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Turning a Papaya into a hermaphrodite

 
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I've got 2 papayas growing well, sadly both of them are male.

I've read online that temperature stress (temps under 12C) can cause a male to start producing both reproductive parts.
Anecdotal garden folklore in Australia suggests either a hard prune or a light prune, then putting an empty can over the main growing branch is enough to turn them.

We rarely get low temps here, does anyone have experience with pruning or other methods of altering papaya gender?

Other plants, such as hemp, can be turned hermaphrodite by relatively mild stress, such as a storm, being pot-bound or inconsistent care.
I believe hammering a nail into the stem is also a way to stress some plants into gender change.

Your thoughts would be appreciated.
 
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I think any one of those methods are worth a try, but I also think doing nothing is worth a try. In other words, and I don't know much about papayas, I think that one of them will turn on its own for lack of a nearby female. I think they can sense that there is no female and one of them will turn into a hermaphrodite. I can only say this from personal experience with other plants.
 
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In my area people cut down the males long before they can do more than put out their first flowers. So I don't know if they can be forced to produce fruit.

I have a male growing along my driveway. I never got around to cutting it down. So it often cycles through fruiting on a regular basis, without any help from me. The one fruit is formed on the very apex of the male flowering stalk. All the other flowers are strictly male. It will form about a dozen rather inferior fruits before resting, then repeats the process. Personally, I'd just plant hermaphrodites for growing fruits. Far more productive.
 
Dan Allen
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It would be worth leaving like this guy in the video, just for the birds.
 
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I've got three growing in my yard, and all three of them must be self-pollinating because I don't have a male tree anywhere, and all three of them are in very different areas of the orchard.  I have absolutely no idea how that happened, but all three of them bear fruit.
 
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I looked for local stuff and this is pretty representative of how it's done here in papayaland (although they all talk about male to female, not male to herm). [tldr: top off tree, cut trunk in a cross so it separates into 4 sections, wedge open with a stick and let it dry, and it will grow back female)



Next time I have one I'll have to try it, but since I get frost my papayas don't live long enough to set fruit.
 
Su Ba
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Cut the top off, split the trunk, wedge it, dry it, wait....a long time for growth and fruit. And hope it doesn't rot, because papaya trunks aren't woody and they often rot when heavily wounded, like when the wind breaks off the top or a side shoot. Not my style. I'm a K.I.S.S. farmer. I just sow other group of seeds and plant out the seedlings. But if one only has a couple of papayas and no place else to plant some more, .....maybe I'd try it? <<<<<<thinking>>>>>>. No, I wouldn't. It's high risk. I'm not really convinced that it works. And I'd rather put my time and farm resources into better trees that I know would give me good fruit.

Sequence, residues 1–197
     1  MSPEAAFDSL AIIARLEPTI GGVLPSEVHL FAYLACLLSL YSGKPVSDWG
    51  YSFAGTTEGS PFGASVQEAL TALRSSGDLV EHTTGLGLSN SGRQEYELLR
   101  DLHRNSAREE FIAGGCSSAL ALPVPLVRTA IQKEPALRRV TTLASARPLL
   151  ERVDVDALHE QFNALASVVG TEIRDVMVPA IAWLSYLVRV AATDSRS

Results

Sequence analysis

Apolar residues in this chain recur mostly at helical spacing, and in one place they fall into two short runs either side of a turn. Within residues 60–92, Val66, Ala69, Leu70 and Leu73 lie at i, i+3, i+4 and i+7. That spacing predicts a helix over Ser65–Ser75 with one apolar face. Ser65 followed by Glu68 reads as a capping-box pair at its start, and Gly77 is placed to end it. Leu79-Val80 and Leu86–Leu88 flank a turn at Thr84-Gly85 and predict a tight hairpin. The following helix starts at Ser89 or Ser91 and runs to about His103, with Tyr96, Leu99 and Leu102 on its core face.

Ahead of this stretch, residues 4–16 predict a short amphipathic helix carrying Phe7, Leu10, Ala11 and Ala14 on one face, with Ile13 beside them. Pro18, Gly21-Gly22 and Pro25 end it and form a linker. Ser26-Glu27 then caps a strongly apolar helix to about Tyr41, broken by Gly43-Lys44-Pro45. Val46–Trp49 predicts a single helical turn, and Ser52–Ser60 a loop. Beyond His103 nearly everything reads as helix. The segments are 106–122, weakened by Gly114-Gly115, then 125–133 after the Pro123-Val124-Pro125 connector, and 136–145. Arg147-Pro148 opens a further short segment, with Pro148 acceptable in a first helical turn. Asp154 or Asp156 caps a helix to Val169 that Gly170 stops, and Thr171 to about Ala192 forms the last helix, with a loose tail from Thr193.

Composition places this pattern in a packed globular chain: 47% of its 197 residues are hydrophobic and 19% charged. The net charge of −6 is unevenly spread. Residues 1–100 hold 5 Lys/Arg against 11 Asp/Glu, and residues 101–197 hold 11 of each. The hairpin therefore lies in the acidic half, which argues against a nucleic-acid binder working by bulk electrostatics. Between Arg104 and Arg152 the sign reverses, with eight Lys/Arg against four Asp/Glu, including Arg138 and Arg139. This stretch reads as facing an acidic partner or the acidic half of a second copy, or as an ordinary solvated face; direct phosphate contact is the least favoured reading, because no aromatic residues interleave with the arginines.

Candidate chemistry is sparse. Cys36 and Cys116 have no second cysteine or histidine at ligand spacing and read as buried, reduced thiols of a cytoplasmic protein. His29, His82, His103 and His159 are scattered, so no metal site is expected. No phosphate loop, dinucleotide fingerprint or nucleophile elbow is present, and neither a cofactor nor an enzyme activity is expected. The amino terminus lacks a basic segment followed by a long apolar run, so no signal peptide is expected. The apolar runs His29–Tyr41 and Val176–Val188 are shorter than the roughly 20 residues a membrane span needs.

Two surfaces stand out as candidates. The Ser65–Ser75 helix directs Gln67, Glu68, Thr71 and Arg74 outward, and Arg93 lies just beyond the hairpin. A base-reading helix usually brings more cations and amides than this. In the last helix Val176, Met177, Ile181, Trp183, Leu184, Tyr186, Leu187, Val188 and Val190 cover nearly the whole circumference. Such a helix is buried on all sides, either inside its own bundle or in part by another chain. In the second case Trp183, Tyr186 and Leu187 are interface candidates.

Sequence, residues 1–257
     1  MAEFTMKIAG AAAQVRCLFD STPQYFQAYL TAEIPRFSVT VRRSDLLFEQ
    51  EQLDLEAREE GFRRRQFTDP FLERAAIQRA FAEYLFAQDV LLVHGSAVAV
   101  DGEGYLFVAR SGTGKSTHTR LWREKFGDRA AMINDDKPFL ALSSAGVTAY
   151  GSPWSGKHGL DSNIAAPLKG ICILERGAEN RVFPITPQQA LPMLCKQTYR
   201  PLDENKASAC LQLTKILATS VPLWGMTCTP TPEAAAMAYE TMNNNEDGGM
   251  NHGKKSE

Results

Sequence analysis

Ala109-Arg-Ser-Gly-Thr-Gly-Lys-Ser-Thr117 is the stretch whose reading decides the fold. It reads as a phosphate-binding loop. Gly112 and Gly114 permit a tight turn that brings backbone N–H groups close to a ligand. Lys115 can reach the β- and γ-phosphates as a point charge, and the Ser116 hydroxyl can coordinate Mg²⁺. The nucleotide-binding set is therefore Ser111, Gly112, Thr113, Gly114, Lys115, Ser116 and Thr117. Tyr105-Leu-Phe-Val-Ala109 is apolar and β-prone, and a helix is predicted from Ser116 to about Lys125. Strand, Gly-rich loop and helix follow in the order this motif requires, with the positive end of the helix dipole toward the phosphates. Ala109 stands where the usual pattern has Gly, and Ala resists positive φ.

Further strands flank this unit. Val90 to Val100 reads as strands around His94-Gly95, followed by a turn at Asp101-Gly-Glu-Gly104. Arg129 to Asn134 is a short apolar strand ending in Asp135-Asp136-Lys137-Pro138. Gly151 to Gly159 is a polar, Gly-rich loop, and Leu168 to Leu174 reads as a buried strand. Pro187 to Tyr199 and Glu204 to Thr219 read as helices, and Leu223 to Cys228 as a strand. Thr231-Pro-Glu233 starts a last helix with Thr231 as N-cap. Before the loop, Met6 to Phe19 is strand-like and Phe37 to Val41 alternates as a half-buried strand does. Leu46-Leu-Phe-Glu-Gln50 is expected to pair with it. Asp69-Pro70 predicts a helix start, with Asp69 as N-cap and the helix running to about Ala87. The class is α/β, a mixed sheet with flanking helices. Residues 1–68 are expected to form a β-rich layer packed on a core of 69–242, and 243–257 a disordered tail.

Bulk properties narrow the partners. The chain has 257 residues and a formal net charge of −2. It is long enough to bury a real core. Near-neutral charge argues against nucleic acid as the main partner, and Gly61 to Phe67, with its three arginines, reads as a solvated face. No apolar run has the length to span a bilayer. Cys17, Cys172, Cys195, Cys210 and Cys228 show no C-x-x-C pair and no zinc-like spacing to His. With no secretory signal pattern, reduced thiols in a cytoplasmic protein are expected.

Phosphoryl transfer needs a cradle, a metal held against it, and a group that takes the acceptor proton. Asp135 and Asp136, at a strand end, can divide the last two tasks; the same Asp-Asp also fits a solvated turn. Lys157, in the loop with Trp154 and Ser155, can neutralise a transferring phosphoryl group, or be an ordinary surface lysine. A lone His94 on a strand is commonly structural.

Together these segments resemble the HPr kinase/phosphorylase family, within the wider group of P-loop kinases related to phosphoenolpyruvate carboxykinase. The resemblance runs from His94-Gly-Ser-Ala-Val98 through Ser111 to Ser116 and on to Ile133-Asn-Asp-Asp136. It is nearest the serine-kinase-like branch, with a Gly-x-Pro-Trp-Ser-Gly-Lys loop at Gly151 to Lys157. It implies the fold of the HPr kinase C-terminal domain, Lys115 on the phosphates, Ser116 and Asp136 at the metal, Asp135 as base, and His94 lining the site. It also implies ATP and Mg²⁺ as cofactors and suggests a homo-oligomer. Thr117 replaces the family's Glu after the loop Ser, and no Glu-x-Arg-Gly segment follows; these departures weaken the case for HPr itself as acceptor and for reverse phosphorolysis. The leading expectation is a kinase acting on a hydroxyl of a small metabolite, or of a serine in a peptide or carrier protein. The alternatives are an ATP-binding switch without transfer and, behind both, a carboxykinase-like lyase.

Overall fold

Just my thoughts based on my own methods and experience.
 
Tereza Okava
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^^ that was my first thought too, they are very fragile trees (the whole thing rots down to nothing quickly enough). When you have one papaya seedling you have many, usually, and they grow quickly enough, so I agree, just move on. I suppose people get excited once a tree gets big enough to get flowers, and disappointed when those flowers turn out to be males.
 
Jondo Almondo
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Thanks for all the great replies!
It's as much a curiosity as a means of generating produce.

I've read extensively that hermie papaya's produce really inferior fruit, yet the one hermie fruit I tasted was fine.

Looking forward to splitting and wedging open the trunk when the weather dries out, getting all frankenstein on these Carica's and seeing what happens.
 
Tereza Okava
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I think it may depend on what you use your fruit for. We are big on using green papaya for cooking (like a squash) or making sweets with, and in this case since it's unripe the kind of fruit doesn't matter. If you're going to eat them ripe, then hermaphrodite plants make better fruit than females (fewer seeds). The videos I found kept mentioning females but then showed images of hermaphrodite plants, so I don't know what to think. let us know how it turns out!!!
 
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